The year 2019 also showcased the enhanced protection of innovation, especially artificial intelligence (AI) and other contemporary innovations.
In order to adapt patent examinations to the fast development and wide application of computer-related technologies such as AI and big data, CNIPA posted, on 31 December 2019, a new amendment to the Guidelines for Patent Examination regarding computer-implemented inventions, which will come into effect on 1 February 2020. These amended Guidelines clarify the examination rules for examining invention patent applications involving algorithms and business rules, and also provide examples to show how the examination rules should be applied in practice. These examination rules and examples give patent applicants clearer guidance on what can be patented and how to draft a better patent application for computer-implemented inventions. Although the patent system in China is fairly friendly to algorithm- and business-related inventions compared to some other jurisdictions, it may be helpful for patent applicants to know the following examination rules and drafting tips so that they can be better prepared for their computer-implemented invention patents in China.
Pure algorithms or business rules are not patent eligible
An important signal that should be noted from the amended Guidelines for Patent Examination is that pure algorithms (eg, AI algorithms such as neural networks) and pure business rules are not patent eligible because they are “abstract” but not technical.
For example, one cannot seek patent protection for a method for establishing a mathematical model or a training method for a neural network if the method fails to define in which technical field the method is to be applied. It is also not possible to claim a business rule for rewarding customers if technical innovation does not exist to implement the business rule.
Technical elements can render an algorithm or business-related invention patentable
The good news for prospective patentees is that the above examination rule in the amended Guidelines for Patent Examination does not rule out the possibility of patenting an invention that involves algorithms or business rules, and technical elements in a claim will be very helpful in this regard. More specifically, a claim is patent-eligible if the claim includes not only algorithms or business rules but also technical features, and the solution as a whole uses technical means to solve a technical problem and achieve a technical effect.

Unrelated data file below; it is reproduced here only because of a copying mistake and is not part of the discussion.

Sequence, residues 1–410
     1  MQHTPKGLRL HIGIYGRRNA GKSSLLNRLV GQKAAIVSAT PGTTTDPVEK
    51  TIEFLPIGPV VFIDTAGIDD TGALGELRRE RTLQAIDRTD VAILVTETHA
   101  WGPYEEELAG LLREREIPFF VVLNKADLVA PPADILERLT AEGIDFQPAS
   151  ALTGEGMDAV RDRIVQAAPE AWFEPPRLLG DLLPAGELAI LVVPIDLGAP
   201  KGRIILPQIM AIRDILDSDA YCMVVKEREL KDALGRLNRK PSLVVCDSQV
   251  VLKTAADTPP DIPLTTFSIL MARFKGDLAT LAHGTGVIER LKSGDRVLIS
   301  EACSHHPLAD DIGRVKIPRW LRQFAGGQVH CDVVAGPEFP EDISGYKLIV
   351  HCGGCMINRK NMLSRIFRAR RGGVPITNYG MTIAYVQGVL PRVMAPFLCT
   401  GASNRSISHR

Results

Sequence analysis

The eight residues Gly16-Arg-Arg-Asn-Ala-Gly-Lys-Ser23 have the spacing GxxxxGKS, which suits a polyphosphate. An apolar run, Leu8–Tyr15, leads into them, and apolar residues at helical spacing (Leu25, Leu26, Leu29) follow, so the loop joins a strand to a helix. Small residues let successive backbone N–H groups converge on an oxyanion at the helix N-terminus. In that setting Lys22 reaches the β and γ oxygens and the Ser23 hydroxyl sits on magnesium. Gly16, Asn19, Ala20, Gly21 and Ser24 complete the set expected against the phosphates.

In an example provided in the amended Guidelines, a method of training a convolutional neural network is considered patent-eligible because the claim clearly recites that the training data is image data and the features are feature images. It can be seen that an algorithm, if applied to a specific technical field, will no longer be “abstract” but becomes “technical”.
In another example provided in the amended Guidelines, a method for managing use of shared bicycles is considered patent-eligible because the claim includes technical features for obtaining the location of a user and their bicycle through GPS signals, and performing the server authentication of the user through the use a 2D QR code. Since such technical means are adopted to solve a technical problem and achieve a technical effect in implementing the business rule regarding managing the use of the shared bicycles, the solution as a whole is not considered a pure business rule and thus is patent-eligible.